Others helped out how they could. The parent education group Full Esteem Ahead provided refreshments after the evening memorial and the Robert Gray PTA provided food for the luncheon following the funeral. Neighbors also cooked meals so the family wouldn't have to.
'We didn't have to make a dinner for days,' Claire said.
In addition to the voluminous amounts of food, the Scherzingers had a lot of company. Julia and Mary's friends from Wilson High School and their church, St. Pius, stayed with them for days, sleeping over at the family's house.
More than 600 sympathy cards arrived on their doorstep, many from Southwest residents who didn't know Christopher but who wanted to express their sympathy over the loss of a child.
'For children to die - it's unnatural,' Claire said. 'It's outside of the order of life. It hurts everybody.'
Republican Senator Gordon Smith, whose son Garrett committed suicide in 2003, wrote a note to Christopher's father Jim whom Smith knows through Jim's extensive public service career.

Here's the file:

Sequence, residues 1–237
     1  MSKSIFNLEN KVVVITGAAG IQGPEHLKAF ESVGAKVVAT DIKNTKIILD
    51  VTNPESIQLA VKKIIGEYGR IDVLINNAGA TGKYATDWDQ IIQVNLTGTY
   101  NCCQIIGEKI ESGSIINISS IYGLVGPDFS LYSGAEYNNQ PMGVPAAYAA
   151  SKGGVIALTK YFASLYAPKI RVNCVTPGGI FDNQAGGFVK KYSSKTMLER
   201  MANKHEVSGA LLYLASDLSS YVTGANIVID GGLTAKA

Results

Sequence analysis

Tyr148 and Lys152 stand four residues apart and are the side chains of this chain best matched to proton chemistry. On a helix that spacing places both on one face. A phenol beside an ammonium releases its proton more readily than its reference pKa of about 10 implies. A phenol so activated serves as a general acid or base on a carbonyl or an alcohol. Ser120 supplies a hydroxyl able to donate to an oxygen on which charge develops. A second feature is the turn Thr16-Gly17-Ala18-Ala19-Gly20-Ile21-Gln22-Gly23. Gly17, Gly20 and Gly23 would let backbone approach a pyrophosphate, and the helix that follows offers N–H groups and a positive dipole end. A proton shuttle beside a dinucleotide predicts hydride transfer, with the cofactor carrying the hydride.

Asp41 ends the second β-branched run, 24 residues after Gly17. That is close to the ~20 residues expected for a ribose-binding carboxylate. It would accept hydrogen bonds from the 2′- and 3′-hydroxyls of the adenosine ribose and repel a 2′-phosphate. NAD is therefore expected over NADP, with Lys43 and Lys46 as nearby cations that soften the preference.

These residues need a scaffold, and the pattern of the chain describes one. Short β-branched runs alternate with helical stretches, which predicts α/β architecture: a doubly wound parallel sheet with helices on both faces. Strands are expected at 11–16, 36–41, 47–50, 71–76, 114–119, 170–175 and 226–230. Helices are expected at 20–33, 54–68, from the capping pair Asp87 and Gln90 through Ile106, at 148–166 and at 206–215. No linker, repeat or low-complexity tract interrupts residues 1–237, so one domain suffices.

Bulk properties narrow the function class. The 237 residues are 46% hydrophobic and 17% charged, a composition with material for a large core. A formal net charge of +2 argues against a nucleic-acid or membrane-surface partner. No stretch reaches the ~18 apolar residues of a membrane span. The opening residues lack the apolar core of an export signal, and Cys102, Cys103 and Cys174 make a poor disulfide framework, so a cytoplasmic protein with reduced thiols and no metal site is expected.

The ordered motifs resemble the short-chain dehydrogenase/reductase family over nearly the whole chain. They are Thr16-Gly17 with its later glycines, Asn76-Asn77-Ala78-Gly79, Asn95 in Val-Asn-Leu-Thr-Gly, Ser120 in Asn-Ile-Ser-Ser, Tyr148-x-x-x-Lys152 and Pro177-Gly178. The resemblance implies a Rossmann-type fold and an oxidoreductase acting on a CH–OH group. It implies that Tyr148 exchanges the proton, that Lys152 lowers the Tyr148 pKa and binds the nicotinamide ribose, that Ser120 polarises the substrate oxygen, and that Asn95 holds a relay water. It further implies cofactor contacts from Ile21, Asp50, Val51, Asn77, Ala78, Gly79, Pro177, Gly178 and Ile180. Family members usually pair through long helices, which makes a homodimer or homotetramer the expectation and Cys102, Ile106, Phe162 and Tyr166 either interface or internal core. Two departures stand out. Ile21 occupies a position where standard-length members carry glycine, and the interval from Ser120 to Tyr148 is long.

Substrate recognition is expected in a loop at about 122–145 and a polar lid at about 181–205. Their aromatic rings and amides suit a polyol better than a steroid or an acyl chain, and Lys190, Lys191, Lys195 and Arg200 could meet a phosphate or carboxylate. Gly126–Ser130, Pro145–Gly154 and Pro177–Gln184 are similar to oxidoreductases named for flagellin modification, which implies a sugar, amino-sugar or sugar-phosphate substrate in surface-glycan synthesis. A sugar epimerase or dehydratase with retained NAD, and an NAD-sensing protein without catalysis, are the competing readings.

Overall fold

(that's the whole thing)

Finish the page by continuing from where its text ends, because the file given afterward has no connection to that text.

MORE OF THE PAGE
'As a father who has buried a son, my heart breaks for you and Claire,' he wrote. 'I am profoundly sorry. As a friend I have no words that can remove the hurt. But hold on. You will smile again.'
Employees from the Southwest Community Center, where Christopher learned to swim and where he was enrolled this summer in a leadership program, sent a sympathy card signed by the entire staff. In a personal note the center's Director Terri Davis said the staff made a contribution to Neighborhood House in Christopher's name. 'The good works of that organization will honor the memory of your son,' Davis wrote.
Others have looked to the family's future and the healing process ahead. The person the Scherzinger's bought their Southwest home from sent gift certificates for the entire family for a yoga session and a colleague of Claire's at the Oregon Department of Transportation is organizing a collection for a bench to be built at the beginning of the Eagle Creek Trail in honor of Christopher.
Claire said the public's response was comforting.
'It was overwhelming and an affirmation of really what a great community we have here in the Southwest and in Oregon in general,' she said.